Australia Showcases Ancient Khmer Sculptures

Three of Cambodia’s iconic sculptures, dating as far back as the seventh century, have been unveiled at the National Gallery of Australia. The art is on loan from the National Museum of Cambodia and will be displayed for three years. Included is one of the oldest Buddhist sculptures found in the Kingdom, a seventh-century standing Buddha.

The pieces were unveiled at the end of August as part of a cultural relationship in place since the early 1990s, when the Australian museum hosted its The Age of Angkor exhibition.

“This loan, from one of the world’s great collections, transforms our ability to tell the story of mainland Southeast Asian art,” says National Gallery director Dr Ron Radford. Though the museum aims to showcase art from Australia’s nearest neighbours, it currently has few “fine” Khmer sculptures, Radford adds. “I am delighted to see these wonderful works on display.”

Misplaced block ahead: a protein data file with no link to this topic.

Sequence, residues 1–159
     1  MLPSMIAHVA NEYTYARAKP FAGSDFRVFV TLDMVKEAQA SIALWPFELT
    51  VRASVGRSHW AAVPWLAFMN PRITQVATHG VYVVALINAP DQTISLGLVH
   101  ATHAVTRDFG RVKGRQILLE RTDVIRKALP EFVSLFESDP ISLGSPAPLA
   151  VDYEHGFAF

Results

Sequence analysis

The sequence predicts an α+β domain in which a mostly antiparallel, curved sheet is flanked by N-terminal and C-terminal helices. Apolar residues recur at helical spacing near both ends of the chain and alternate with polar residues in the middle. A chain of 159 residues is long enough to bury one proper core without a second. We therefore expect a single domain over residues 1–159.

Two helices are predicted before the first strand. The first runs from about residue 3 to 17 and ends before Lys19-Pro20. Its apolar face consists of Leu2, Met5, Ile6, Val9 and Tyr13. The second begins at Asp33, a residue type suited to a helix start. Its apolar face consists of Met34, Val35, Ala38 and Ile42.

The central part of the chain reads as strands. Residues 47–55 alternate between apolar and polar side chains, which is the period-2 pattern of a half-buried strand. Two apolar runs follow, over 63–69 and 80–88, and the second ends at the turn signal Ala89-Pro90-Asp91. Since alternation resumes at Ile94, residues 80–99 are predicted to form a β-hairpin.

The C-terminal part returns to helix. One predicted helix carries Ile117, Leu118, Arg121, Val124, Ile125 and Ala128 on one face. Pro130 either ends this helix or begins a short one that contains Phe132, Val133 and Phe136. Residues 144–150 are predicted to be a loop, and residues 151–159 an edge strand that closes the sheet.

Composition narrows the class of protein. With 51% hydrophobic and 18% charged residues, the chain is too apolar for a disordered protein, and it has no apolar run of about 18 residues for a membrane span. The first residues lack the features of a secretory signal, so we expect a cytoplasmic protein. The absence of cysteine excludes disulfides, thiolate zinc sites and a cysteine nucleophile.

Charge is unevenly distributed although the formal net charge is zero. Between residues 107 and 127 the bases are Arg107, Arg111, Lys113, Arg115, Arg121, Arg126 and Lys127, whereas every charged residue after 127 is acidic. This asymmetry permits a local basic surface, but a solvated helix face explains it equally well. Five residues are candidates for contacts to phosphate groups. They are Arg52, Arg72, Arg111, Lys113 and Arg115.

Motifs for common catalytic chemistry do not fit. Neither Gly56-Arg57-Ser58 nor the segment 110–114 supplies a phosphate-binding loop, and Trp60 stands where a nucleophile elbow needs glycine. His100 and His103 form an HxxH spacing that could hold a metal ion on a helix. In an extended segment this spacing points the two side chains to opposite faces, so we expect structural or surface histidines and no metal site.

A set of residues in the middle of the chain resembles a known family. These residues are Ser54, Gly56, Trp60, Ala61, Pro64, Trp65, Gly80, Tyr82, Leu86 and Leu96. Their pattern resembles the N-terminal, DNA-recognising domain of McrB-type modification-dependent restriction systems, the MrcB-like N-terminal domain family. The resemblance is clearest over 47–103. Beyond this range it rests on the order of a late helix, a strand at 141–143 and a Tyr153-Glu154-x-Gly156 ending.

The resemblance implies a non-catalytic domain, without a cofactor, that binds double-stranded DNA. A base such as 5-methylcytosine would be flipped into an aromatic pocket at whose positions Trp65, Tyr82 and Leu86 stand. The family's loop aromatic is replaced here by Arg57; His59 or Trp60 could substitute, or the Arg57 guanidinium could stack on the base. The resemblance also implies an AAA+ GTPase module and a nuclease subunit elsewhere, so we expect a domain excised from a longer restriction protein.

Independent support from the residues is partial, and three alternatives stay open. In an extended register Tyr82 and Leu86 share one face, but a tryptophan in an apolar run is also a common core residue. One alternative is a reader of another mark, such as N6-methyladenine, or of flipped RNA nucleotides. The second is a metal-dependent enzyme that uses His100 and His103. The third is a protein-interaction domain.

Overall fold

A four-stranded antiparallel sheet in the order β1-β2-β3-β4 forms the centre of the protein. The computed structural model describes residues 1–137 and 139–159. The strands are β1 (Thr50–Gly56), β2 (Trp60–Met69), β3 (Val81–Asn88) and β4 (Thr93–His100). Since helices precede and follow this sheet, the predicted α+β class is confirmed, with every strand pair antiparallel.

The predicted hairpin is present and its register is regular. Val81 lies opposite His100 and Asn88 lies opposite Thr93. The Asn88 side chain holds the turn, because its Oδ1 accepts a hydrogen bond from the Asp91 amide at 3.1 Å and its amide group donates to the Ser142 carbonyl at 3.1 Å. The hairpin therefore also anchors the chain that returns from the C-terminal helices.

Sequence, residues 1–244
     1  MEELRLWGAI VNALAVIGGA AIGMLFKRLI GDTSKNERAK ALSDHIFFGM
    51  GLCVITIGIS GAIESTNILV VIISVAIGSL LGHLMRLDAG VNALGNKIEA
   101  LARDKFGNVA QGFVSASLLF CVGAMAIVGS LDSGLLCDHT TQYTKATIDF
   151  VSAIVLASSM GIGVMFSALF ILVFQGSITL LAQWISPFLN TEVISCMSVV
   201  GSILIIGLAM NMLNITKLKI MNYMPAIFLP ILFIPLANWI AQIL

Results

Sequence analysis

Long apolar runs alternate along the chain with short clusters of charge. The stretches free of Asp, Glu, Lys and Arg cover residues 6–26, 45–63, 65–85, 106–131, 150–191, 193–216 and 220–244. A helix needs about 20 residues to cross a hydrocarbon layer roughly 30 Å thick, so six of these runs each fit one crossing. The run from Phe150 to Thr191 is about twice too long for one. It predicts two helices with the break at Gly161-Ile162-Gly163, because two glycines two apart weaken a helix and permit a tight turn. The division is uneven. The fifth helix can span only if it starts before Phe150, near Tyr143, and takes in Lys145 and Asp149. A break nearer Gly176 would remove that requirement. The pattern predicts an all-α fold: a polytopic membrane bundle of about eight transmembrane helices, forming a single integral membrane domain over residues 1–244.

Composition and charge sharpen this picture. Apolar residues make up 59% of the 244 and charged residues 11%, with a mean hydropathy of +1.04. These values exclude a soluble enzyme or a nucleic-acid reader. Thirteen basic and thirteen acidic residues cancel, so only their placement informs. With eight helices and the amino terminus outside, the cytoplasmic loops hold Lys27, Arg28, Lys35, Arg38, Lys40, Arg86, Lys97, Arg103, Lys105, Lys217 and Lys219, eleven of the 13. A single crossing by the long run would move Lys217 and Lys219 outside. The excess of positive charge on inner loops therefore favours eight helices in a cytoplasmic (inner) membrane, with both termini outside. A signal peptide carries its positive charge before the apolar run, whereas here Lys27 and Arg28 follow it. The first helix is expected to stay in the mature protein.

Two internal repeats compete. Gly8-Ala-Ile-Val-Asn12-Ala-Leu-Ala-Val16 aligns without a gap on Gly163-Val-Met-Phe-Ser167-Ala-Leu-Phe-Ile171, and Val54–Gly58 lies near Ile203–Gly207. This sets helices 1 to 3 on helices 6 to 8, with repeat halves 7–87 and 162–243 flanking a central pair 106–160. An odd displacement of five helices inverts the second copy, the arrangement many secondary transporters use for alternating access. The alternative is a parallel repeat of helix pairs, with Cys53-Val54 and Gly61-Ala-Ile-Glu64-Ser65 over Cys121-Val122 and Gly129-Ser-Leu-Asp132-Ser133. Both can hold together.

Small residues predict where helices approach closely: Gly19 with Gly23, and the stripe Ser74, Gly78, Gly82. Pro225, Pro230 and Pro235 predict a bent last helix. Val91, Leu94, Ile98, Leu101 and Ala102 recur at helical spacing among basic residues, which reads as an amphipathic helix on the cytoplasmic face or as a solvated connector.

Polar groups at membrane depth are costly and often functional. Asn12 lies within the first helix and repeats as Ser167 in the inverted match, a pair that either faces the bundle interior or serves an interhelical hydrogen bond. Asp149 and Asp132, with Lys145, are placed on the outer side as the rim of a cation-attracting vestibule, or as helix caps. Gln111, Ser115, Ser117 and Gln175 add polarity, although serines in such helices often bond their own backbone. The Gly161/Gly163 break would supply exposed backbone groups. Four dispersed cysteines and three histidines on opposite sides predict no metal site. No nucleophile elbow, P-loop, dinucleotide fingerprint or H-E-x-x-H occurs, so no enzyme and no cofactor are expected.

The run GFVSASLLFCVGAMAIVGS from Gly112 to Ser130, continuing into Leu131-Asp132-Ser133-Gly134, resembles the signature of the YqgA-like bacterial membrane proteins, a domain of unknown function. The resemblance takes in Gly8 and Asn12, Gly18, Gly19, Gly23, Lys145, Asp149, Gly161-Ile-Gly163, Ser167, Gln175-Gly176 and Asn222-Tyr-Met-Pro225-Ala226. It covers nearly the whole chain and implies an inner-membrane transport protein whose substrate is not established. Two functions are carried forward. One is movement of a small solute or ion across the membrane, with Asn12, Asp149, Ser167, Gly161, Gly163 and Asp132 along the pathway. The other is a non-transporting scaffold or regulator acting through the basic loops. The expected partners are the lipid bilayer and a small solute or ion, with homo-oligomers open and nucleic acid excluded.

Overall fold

The sculptures span five centuries, with a 10th-century carved lintel showing part of the Hindu creation story, The Churning of the Sea of Milk, and a rare 12th-13th century representation of a girl in the form of the Buddhist goddess of wisdom, Prajnaparamita.

“The exhibition of these marvellous sculptures is another example of the close links between our countries,” says Australia’s Ambassador to Cambodia, Alison Burrows. “I am certain that Australians will enjoy seeing such high quality Khmer art in their capital and that it will inspire more Australians to visit Cambodia.”

The museum will also use the art as an opportunity to draw attention to the issue of illicit trade, looting and reproductions.

Director-General of the Cambodian Ministry of Culture and Fine Arts, Hab Touch, travelled to Canberra for the event.

“The National Gallery of Australia and the National Museum of Cambodia have built a close connection across three decades,” he says. “We look forward to further strengthening the collaboration into the future.”